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Data delays ‘could hamper’ assignation of VAT revenues to Scotland

5 Sep 19

The assignation of almost £6bn in VAT revenues to the Scottish Government could be undermined by the “disappointing” failure of HMRC to produce timely data, Scotland’s official forecaster has warned.

Plans to assign a share of VAT, the next major step towards fiscal devolution, were put on hold earlier this year after it emerged that officials in London and Edinburgh had failed to produce a reliable model under which the assignation could take place. 

At the time, HMRC delayed publication of VAT estimates for 2017 until August, saying it required time for further quality assurance of the VAT assignation model.

However, when pressed for the estimates last month by the Scottish Fiscal Commission – which relies on data from Scottish and UK bodies for its economic and fiscal forecasts - HMRC said that work was still underway, with officials continuing to work through “quality assurance issues” with underlying data sources. 

The commission, which last September called for timely publication of VAT data to coordinate with the timing of Scottish fiscal events, expressed frustration over the delay in its annual statement of data needs.

“It is disappointing that a year on the publication of VAT assignment data is still irregular and uncertain,” it said.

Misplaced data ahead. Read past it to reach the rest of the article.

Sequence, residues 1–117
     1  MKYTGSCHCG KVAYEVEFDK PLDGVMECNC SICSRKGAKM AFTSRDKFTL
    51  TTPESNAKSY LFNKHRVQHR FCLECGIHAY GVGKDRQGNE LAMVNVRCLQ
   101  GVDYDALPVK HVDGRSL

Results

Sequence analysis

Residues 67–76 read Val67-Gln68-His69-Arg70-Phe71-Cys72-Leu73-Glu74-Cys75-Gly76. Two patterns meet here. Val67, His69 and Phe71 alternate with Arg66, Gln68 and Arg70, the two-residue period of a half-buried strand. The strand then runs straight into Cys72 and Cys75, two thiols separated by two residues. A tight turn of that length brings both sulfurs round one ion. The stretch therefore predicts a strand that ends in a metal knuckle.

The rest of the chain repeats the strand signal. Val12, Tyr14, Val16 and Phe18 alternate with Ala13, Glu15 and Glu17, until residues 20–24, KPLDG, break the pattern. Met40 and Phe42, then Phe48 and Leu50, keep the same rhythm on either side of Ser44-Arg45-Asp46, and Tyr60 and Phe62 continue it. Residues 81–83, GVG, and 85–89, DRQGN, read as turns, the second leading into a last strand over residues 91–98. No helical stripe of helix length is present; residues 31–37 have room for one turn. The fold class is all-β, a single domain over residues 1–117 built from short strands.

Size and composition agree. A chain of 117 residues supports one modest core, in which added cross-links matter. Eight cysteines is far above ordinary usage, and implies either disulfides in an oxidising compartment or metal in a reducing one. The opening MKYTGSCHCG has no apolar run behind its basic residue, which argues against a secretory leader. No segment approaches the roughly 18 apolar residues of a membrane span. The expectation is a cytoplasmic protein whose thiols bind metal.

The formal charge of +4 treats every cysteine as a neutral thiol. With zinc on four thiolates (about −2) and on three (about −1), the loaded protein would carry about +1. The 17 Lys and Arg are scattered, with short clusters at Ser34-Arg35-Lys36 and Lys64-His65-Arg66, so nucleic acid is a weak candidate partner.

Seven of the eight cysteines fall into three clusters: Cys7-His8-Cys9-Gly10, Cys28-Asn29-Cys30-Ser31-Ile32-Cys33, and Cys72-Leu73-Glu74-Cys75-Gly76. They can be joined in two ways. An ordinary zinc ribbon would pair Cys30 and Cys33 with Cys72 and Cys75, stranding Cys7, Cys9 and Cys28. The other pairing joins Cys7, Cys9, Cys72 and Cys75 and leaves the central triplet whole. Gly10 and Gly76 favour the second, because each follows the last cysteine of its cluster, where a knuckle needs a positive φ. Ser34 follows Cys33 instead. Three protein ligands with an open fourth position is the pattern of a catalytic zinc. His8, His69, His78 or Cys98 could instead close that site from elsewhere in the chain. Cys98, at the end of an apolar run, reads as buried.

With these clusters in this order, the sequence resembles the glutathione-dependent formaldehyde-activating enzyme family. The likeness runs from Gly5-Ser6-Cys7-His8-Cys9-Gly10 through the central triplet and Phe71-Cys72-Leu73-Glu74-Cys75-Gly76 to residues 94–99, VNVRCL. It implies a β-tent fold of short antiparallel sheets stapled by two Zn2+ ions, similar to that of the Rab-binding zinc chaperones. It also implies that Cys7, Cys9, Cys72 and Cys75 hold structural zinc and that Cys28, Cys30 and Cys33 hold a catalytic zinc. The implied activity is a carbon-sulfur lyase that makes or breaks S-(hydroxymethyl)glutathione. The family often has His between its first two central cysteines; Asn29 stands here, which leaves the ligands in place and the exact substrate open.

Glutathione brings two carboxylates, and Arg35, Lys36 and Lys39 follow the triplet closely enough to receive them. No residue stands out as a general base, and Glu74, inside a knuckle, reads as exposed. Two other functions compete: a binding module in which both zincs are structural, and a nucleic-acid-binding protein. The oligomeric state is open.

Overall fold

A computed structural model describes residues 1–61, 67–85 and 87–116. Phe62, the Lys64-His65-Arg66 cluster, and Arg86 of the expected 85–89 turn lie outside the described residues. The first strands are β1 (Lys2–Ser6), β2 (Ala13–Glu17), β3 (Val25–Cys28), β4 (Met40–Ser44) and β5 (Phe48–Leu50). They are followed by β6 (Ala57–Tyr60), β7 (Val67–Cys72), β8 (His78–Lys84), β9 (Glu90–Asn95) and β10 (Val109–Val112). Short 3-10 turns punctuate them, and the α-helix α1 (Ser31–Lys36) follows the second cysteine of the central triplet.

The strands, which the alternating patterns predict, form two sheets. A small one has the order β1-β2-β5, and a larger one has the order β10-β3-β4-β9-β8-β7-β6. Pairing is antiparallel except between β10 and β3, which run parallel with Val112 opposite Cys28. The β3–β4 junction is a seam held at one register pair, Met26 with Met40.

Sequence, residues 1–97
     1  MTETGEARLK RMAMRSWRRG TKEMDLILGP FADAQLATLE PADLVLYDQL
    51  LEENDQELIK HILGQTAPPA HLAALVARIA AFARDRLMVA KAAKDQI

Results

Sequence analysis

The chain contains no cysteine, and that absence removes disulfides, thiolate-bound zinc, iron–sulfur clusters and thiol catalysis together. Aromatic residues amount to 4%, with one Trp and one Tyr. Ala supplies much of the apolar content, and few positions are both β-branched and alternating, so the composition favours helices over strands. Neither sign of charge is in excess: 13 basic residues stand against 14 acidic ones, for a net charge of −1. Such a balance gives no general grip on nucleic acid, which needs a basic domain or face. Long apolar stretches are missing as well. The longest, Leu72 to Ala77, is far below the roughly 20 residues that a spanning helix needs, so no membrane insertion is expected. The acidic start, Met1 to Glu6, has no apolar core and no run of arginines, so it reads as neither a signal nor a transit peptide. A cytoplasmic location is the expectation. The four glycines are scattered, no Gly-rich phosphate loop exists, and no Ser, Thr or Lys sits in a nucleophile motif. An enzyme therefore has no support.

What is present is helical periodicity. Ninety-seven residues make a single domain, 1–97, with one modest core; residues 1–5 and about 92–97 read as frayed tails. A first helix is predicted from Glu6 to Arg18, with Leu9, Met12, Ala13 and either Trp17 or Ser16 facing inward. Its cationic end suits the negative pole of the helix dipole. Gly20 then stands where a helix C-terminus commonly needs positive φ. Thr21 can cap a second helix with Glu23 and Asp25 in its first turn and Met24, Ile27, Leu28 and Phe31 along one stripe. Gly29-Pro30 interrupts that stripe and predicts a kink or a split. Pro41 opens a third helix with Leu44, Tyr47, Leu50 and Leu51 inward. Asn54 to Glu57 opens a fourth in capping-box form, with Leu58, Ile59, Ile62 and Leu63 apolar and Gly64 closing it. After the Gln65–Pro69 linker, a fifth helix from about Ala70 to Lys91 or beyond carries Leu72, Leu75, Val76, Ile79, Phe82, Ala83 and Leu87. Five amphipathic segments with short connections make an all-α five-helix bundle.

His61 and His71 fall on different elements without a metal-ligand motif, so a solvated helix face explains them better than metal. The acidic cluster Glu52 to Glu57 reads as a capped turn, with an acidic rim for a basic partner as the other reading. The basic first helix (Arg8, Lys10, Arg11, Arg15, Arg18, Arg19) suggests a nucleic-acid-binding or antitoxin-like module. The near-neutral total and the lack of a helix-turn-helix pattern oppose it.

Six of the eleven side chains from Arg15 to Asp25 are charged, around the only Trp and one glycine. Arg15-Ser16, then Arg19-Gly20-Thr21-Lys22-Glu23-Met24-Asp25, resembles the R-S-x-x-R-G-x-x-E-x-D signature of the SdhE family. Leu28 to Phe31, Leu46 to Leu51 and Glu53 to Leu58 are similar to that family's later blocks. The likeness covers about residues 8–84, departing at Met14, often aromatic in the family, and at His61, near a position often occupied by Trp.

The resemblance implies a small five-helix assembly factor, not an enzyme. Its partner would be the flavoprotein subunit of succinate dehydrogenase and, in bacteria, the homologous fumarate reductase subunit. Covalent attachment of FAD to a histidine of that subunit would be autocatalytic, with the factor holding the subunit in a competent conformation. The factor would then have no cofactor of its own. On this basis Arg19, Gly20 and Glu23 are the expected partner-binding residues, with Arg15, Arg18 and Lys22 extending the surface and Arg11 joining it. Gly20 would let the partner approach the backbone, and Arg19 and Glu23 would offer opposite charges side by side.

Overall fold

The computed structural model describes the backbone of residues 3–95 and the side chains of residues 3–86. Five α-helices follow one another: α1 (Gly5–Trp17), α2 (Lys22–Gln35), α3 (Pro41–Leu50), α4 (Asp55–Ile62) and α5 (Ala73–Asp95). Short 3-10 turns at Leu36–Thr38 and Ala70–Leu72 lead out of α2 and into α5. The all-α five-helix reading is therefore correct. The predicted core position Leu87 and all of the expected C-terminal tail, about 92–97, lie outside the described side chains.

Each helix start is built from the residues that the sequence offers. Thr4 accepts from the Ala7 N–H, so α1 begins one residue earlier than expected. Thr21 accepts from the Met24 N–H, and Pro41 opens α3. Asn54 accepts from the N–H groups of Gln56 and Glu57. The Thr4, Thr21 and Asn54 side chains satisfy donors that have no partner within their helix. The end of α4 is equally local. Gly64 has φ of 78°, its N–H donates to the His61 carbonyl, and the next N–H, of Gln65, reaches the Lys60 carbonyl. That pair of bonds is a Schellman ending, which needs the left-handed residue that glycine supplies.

“If VAT assignment implementation does go ahead for 2020-21, we think…Scottish and UK budget forecasts must be based on consistent estimates of the latest available VAT assignment estimates.”

This would be “challenging” if publication of 2017 VAT assignment estimates were delayed until later in the autumn, it said. 

“We also feel that the latest data are important for transparency and for there to be an informed public debate about VAT assignment,” the commission said, adding that a decision on whether to implement VAT assignation should be made this month, in time for the next Scottish budget.

The body also said a statutory right of access to data held by UK government bodies, in particular HMRC on income tax and the Department for Work and Pensions on social security, would “greatly support” its work. 

Currently, it only has a statutory right to information from Scottish bodies, with access to UK data reliant on the provisions of the fiscal framework between the Scottish and UK governments.

Commission chair Dame Susan Rice said that forecasts of taxes and benefits devolved to Scotland had a real impact on the Scottish budget, and these had become more accurate as improved data sources became available.

“More accurate forecasts reduce uncertainty in the budget and help the Scottish Government to plan its finances,” she said.

“Because having good data is so vital to producing good forecasts, the Scottish Fiscal Commission works closely with every organisation that prepares Scottish economic, tax and benefit statistics.”

HMRC has been approached for comment.

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